There are many possible scenarios which may prompt a unified communications (UC) migration within an organization. It may be that an organization decides it’s time to move from their legacy telephony system to a more modern feature-rich UC with all the benefits it brings.
Else, a UC product may reach the end of life and vendor support for it dries up. Or, a new product may be offering features a current UC system doesn’t have.
Whatever the reason, the UC migration needs to be well thought out and planned to facilitate a smooth transition from the one system to the other.
In this article, we take a closer look at the things to consider and the methods that can be employed to achieve this.
1. Strategies for migrating legacy systems to UC
There are a number of methods one can employ migrating legacy systems to UC, and there are pros and cons associated with each.
The one you choose depends on things like available time, acceptable user impact, your expectations and the amount you are willing to spend.
- The parallel build strategy
With a parallel build strategy, a new system is built alongside the existing one using PSTN number overlays.
Migration is gradual and controlled by PSTN forwarding and dial plan manipulation using steering codes.
Benefits of this strategy are having a blackout plan if something goes wrong and the ability of the users to familiarize themselves with the new system before it becomes live. Some of the disadvantages are the cost of having duplicate systems and having to complete the entire network before migration can happen.
- The hot cut strategy
A hot cut strategy is suitable for small migrations where the old system is turned off, and all resources are migrated to the new system.
This method is the least resource intensive and the fastest way of migration, but it is also the riskiest and carries the highest testing overhead.
- The gradual migration strategy
The preferred method is a gradual migration strategy. To effect this kind of migration trunking is set up between the existing and the new system. It requires detailed dial plan design and possibly a session manager or session border controller.
Using this strategy requires the most significant effort but carries the least risk.
It allows you to move small groups of users at a time, gives you the option to roll back changes and have dual phone deployment. The downside of this method is that you may have a large number of interconnections, it requires a detailed dial plan and is more complex than the other ways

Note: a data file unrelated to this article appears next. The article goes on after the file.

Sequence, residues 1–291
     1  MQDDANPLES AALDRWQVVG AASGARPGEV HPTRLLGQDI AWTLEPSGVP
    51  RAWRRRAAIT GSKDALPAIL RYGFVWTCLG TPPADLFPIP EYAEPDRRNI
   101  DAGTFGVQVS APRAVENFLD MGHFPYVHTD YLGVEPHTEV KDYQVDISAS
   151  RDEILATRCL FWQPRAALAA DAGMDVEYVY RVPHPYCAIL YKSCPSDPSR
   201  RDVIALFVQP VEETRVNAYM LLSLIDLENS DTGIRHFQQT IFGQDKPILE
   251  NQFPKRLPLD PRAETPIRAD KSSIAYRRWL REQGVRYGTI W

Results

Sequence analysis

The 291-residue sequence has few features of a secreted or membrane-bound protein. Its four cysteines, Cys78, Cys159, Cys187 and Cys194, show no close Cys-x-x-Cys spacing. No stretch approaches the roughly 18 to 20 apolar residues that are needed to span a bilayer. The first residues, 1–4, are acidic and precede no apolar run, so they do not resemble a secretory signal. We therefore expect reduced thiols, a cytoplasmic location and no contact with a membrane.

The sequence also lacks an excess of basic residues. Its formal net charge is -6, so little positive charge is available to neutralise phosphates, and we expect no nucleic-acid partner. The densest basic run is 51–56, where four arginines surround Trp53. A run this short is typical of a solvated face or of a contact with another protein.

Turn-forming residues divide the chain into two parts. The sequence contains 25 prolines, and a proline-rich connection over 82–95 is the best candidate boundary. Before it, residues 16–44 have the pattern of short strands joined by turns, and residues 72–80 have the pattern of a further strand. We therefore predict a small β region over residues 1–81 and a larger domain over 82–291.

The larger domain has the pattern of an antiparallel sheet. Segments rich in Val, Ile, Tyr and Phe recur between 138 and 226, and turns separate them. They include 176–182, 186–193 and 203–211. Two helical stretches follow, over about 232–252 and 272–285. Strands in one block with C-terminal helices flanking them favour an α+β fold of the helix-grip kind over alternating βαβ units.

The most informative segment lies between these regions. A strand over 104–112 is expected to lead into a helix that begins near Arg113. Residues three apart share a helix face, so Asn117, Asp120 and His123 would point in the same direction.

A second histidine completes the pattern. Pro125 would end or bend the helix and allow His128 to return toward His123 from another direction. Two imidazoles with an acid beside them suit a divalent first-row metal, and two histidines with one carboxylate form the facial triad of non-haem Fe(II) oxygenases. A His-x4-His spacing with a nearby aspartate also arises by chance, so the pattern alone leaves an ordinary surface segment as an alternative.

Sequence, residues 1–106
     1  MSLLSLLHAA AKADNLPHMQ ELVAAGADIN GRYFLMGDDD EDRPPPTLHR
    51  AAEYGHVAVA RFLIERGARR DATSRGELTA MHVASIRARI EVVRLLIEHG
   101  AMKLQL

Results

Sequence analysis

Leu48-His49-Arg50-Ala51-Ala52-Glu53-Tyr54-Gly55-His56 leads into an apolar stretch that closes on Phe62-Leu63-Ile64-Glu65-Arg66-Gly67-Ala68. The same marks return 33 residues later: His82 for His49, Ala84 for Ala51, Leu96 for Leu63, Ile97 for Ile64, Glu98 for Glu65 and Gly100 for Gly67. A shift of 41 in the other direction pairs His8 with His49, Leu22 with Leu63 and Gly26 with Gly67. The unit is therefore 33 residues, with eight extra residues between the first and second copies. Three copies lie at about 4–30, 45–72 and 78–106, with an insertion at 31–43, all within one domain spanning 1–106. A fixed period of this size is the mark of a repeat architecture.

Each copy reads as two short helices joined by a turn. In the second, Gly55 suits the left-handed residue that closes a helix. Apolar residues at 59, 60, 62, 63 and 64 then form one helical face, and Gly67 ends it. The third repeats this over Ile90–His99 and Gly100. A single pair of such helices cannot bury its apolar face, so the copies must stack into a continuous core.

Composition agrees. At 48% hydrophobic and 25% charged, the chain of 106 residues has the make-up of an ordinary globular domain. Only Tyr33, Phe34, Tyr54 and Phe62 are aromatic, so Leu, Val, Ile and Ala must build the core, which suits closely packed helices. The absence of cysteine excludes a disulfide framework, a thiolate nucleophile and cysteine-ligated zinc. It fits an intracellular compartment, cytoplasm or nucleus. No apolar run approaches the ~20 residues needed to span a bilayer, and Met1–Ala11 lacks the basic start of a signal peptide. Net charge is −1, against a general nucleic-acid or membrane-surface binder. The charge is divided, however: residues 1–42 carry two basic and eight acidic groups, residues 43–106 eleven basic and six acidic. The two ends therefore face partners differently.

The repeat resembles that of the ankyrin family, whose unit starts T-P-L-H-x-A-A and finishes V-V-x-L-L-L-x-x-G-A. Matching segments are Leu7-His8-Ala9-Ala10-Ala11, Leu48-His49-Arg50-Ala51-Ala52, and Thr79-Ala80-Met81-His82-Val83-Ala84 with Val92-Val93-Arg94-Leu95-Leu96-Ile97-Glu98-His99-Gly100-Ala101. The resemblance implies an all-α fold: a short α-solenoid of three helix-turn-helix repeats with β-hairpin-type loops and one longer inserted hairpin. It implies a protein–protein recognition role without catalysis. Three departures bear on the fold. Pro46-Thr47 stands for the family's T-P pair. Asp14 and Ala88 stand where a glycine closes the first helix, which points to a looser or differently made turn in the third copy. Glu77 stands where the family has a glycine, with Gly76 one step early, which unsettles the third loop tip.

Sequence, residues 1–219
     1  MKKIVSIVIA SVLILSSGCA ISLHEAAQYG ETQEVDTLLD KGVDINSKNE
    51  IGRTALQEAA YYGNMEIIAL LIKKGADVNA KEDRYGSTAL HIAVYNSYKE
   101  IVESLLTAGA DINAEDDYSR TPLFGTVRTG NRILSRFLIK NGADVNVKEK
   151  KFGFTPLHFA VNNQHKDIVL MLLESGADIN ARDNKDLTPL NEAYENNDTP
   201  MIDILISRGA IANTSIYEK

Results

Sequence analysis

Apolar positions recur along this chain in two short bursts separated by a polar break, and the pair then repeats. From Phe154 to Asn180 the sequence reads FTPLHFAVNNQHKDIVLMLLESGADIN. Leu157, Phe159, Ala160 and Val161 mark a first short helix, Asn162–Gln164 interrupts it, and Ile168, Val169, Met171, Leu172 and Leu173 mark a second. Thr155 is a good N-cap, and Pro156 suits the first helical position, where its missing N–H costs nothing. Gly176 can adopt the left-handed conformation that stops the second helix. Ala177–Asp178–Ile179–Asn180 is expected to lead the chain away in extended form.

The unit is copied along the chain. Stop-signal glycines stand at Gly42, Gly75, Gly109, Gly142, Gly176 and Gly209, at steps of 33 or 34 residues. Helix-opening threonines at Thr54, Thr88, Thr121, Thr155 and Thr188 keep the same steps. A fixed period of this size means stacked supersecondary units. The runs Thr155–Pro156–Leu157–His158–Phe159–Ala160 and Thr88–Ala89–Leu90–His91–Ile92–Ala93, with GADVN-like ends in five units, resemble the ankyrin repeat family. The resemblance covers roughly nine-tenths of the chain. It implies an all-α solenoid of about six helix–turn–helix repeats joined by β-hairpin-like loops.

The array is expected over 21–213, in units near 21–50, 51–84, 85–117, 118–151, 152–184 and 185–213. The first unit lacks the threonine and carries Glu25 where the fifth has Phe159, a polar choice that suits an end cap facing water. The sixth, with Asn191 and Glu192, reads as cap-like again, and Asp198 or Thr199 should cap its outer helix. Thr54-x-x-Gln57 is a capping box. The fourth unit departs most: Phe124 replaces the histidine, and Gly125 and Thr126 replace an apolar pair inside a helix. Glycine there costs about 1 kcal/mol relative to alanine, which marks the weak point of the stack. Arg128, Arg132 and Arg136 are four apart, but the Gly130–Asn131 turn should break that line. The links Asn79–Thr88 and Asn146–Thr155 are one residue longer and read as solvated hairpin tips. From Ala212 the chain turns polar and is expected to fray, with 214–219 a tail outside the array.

2. Migrating to a new UC platform
Migration from an existing UC platform to another usually involves the extraction of multiple sources data, validating and enhancing it, and then using it to provision the new platform.
The data that describes your current communications is where the new UC system begins.
Network information such as:
- Device pools containing site layout information.
- Locations and regions describing bandwidth and codec usage.
- Trunks and gateways providing trunking information.
- Dial plan requirements that are held in the route and translation patterns.
- Device mobility details containing IP address management knowledge.
- Media services.
- SIP profiles for interoperability.
- Service and enterprise parameters exceptions.
- CTI device data describing 3rd party applications.
Various low-level methods and tools are available to help with the extraction of legacy data.
For instance, with a bulk administration tool or SQL queries, you can extract specified data from the databases. Alternatively, many products supply API’s that enable you to access the data.
New data that is not part of your legacy data may also be required. This will need to be obtained from the organization and users and added to the extracted data.
3. Validating and cleaning the data
Extracted data needs to be validated and cleaned; duplicate data must be found and removed.
Analyzing usage data such as call data records, extension mobility data, and real-time data enables you to see if devices like telephones and features like extension mobility, hunt groups, pickup groups, and single number reach are being used.
With this knowledge, you can determine inactive users, devices or features and decide if they should be treated as redundant and discarded or should be used to provision the new platform.
Directory information can be compared to user configurations to find discrepancies that can be further investigated.
Once the data has been verified and cleansed, it must be transformed into the format required and then loaded into the new UC platform.
Loading the new platform depends on accurate error-free data. Configuration exceptions or missing dependencies will cause failures necessitating redeployment wasting time and energy.
Whatever strategy is right for your business, we really advise you to think about automating UC migration workflows. The value of automating and standardizing migration workflows cannot be stressed enough. You will improve quality, reduce resource requirements, costs and delivery lead times and increase consistency.
Software like the Kurmi Migration Tool package the functionalities described above into a comprehensive product that can deliver a successful UC migration.